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Healthy cities start with public transport

By Bernhard Schwartländer | | Updated: 2017-09-22 13:33

Healthy cities start with public transport

Traffic grinds to a standstill during the peak rush hour on Monday morning, Sept 22, 2014 near Liujiayao Bridge, Third Ring Road South. [Photo/Xinhua]

China's extensive highway network and the millions of cars on roads attest to the country's rapid process of urbanization and modernization driven by economic growth. Unfortunately, while cars were invented to make travel easier and to give us more freedom, they have ultimately enslaved us as we face longer journey times, traffic jams and difficulty navigating the sidewalk among the many illegally parked cars.

To help us out of this logjam, "progress" too often dictates that even more roads be built, meaning more cars on the road and more time in traffic jams, ad infinitum. The physical and social infrastructure to support modern, people-friendly, public transit systems in China has yet to be fully developed.

That's why this week the World Health Organization China has been pleased to support China's Public Transportation Promotion Week, jointly organized by the Ministry of Transport, Ministry of Public Security and All China Trade Union.

The promotional week and its many public transit activities across the country brings our attention to important questions that must be asked — and answered — about how we are constructing our urban spaces and the costs to human health.

How can we divide up the limited amount of transit space more fairly among pedestrians, cyclists, cars and buses? What does the shared economy — including both shared rides and share bicycles — teach us about the public's willingness to embrace new transit services, and the flexibility of our transit systems to incorporate these innovations? Have sufficient incentives been put into place that promote healthy behaviors, such as encouraging people to walk, cycle, travel on public transport instead of driving and parking private cars?

When people use public transport, they usually walk or cycle more between home, office, bus stops and train stations.

As a keen cyclist myself, I can attest to the immense enjoyment it gives me and to the health benefits it provides. Whenever it's possible, whether it be on business or for pleasure, I always call on my trusty bike, the bus and the subway, to get me from destinations A to B and then from C to D. Indeed, I encourage all my colleagues at WHO China to do the same. And the environment-related benefits would subsequently contribute to better human health when we breathe cleaner air.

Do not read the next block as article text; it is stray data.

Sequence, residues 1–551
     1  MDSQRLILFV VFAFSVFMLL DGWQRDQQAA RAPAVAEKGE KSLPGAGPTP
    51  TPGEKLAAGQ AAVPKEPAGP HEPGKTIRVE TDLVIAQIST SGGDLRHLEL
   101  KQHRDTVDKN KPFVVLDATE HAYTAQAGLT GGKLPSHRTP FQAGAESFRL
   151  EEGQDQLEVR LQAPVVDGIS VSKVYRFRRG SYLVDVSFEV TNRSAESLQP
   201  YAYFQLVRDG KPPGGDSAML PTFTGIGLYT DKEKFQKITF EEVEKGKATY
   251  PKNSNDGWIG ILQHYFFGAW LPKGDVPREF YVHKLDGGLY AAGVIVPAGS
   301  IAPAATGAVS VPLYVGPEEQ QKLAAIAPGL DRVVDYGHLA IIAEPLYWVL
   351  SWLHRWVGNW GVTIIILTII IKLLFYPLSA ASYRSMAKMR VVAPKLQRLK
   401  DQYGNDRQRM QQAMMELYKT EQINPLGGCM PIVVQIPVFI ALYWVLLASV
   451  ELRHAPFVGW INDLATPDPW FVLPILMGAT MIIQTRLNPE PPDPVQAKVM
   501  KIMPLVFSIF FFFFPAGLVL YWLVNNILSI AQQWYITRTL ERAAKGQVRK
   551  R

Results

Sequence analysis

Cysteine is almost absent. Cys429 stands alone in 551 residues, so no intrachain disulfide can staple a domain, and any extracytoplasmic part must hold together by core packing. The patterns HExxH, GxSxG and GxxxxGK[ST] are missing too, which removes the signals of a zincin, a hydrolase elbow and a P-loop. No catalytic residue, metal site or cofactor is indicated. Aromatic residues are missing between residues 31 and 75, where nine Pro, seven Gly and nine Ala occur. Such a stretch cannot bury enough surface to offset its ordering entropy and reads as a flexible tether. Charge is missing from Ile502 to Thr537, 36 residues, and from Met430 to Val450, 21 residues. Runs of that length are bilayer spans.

How do we achieve this?

We need transport policies that actively incentivize healthy, green, and people-centric transportation. That includes investing more in public transport networks and rationalizing the allocation of space such that the overwhelmingly positive response to shared bikes doesn't crowd out pedestrians on the pavements. It also means making it tougher to choose to drive and park — governments need to charge people much more for parking, consider congestion charges and get tough on those who park their vehicles illegally.

What is most important is to put people at the heart of city planning. Cities are growing at an unprecedented pace in China. Let's remember that a good modern city is not just a place for people to work and study, but also their habitat — a place where they can live a healthy life, physically and mentally.

As citizens of a fast-developing country, the Chinese have been lucky to be able to learn from the mistakes of others. The country's tremendous achievements in so many different fields, particularly over the past 35 years or so, give cause for this optimism. By harnessing public transport as an ally in protecting the environment and in improving urban lives, the country and its people will have yet one more thing to be proud of.

The author is the World Health Organization representative in China.

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